Oh now hang on, my friend Doug is tapping on the window
Hey Doug! How you been?
He brings me a book of holocaust poetry, complete with pictures
And then he tells me to get ready for the rain
And we call upon the author to explain.
~Nick Cave, "We Call Upon the Author," Dig, Lazarus, Dig!
"Don't ask questions you don't want answers to." Thus spake Agent K, as played by Tommy Lee Jones and Josh Brolin. I was indulging in "Men in Black 3" as therapy for a book haunting: I had just finished Beatrice and Virgil, by Yann Martel.
As in Life of Pi, Martel's premise is that facts are only part of the truth. Emotional state is a huge factor, and Martel is a master at evoking emotions through storytelling. You go along thinking this is an improbable tale, you're not really connecting with anything, you're just an observer; and all along, he's got you.
What he's trying to do - exposing his motives and methods most obligingly - is add a storytelling element to history. There are occurrences in history that are told almost entirely through fact, without the rich human element of stories and imagination to bring them to life. But those are the components that are necessary to make something real as well as true.
"I take it this is a love story?" asked a naive woman at work. Errm, no. "Beatrice and Virgil are Dante's guides through heaven, purgatory and hell in the Divine Comedy," I replied. "Ohhh," she answered, as if that explained anything. I could also have said, "Beatrice and Virgil are a stuffed donkey and a stuffed howler monkey in a taxidermist's shop." Another part of the truth.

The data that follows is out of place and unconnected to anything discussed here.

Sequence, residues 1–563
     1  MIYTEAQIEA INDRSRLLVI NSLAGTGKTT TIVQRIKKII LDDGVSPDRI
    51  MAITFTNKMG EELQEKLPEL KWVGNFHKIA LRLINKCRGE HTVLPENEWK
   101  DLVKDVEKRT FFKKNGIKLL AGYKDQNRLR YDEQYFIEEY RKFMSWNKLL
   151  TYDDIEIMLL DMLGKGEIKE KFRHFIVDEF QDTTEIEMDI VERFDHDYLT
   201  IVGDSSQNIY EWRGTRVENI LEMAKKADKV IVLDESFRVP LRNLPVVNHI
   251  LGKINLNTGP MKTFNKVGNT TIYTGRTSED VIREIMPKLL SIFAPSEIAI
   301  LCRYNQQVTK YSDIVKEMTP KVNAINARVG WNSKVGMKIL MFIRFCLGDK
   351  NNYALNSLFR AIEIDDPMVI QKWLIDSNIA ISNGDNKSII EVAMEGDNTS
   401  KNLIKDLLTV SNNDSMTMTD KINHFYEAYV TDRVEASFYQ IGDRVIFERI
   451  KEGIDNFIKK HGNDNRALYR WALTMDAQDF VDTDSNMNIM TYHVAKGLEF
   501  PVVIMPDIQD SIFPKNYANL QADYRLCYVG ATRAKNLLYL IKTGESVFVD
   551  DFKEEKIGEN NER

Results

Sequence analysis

(I recently learned weird tidbits about taxidermy from Jenny Lawson's book, Let's Pretend This Never Happened. What an odd karmic path I am following.)
Who are Beatrice and Virgil REALLY? They are the characters you care about. Without your permission or awareness, they invest you with ideas and emotions. They come alive through their dialogue while all the time you think the story is happening in the "real world." And then suddenly everything is exposed, and you find out how much you care.
SPOILER ALERT. What historical facts has Martel chosen to clothe with imagination and emotion? "Don't ask questions you don't want to know the answers to."
I didn't really want to confront and experience the imaginative, emotional reality of the Holocaust.
But you see that line that's moving through the station?
I told you ... I told you ... I told you, I was one of those.
~ Leonard Cohen, "First We Take Manhattan"